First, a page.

These last two weekends have shown us that traveling to destinations is a service we can happily accommodate, especially if it includes a day or two of exploration and delicious meals shared with a kindred soul! Thank you, Taylor and Priscilla, for two delightful back-to-back weekends!
Planning a wedding in the “beyond” region of our studio and want a vintage look? We may be able to help!
Southern Vintage Table is on the road this weekend and next – delivering our beautiful vintage tableware to weddings at Tuckahoe Plantation in Richmond and the Kenmure Country Club in Hendersonville.
Scouting out the trip via the backroads, this weekend’s drive up to Richmond was incredibly beautiful and relaxed – perfect temperature, gorgeous sunlight, and an easy drive. After our delivery, I met my daughter in Carytown for the weekend. Our AirBnB rental was a block away from this eclectic, fun area in Richmond and we found lots of restaurant choices and cute shops to browse. We had a grand time together – she even enjoyed going to one thrift store with me!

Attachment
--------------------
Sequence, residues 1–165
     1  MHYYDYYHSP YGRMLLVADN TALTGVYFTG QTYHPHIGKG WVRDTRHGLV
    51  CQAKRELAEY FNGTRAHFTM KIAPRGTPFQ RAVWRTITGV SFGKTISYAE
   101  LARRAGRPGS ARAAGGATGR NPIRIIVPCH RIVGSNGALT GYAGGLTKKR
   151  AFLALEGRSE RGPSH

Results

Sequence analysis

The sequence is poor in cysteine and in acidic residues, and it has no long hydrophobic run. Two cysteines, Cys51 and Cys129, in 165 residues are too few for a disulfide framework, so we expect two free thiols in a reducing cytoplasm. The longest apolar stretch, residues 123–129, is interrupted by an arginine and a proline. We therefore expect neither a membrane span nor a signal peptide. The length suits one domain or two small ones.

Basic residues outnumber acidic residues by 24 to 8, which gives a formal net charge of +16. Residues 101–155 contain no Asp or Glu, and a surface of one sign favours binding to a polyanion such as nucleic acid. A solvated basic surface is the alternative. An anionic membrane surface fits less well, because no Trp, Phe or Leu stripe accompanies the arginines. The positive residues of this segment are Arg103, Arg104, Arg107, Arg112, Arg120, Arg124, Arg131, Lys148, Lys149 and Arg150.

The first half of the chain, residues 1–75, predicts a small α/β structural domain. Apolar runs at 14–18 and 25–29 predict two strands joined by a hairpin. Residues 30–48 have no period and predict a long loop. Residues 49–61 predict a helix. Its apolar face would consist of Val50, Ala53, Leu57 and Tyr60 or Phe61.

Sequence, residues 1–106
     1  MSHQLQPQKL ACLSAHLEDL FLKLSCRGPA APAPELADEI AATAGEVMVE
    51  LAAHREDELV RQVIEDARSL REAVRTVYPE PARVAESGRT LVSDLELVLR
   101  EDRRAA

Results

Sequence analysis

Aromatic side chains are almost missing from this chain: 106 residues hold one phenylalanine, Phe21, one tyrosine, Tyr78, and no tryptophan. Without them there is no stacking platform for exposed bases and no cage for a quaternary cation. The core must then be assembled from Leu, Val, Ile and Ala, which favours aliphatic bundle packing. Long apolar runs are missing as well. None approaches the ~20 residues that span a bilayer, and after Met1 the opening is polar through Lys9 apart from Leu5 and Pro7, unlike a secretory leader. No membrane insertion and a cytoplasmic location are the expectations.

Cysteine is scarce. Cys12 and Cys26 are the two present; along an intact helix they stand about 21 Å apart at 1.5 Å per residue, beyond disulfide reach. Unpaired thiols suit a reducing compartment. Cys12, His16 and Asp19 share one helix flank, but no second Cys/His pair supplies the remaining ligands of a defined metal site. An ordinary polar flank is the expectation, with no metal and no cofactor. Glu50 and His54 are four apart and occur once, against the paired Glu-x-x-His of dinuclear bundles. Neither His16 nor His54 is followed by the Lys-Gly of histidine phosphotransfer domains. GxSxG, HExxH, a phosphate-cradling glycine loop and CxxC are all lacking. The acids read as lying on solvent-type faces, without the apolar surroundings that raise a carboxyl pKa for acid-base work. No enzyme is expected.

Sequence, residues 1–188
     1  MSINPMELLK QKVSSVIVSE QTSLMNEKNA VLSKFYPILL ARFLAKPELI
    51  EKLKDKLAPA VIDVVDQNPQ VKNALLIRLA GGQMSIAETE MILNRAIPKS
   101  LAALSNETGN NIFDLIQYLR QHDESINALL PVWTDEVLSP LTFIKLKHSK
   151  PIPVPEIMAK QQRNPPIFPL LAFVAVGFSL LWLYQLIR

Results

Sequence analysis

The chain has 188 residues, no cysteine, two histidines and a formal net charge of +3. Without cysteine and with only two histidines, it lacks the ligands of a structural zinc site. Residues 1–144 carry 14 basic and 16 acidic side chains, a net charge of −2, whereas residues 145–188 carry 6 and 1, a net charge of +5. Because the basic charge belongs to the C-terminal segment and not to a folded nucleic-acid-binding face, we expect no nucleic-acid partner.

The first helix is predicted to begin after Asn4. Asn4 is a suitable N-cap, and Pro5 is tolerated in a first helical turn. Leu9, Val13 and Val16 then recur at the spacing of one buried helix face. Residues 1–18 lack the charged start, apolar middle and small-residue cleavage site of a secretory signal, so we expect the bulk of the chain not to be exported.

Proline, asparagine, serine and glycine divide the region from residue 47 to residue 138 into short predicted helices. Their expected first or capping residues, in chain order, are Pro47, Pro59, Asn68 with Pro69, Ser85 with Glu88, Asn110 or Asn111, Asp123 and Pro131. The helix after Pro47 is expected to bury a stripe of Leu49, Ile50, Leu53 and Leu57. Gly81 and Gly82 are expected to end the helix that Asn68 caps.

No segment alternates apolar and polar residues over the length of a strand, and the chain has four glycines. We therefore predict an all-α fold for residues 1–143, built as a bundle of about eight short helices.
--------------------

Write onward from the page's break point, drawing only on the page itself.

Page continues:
She’s now back on the train headed to DC and I’m getting ready to return to Tuckahoe to pickup and begin the beautiful drive home. What a lovely adventure with my sweet, amazing daughter!
PS – I’ll be adding a photo of Tuckahoe right here after I return home. This historic venue is the real deal – in fact, it was Thomas Jefferson’s boyhood home!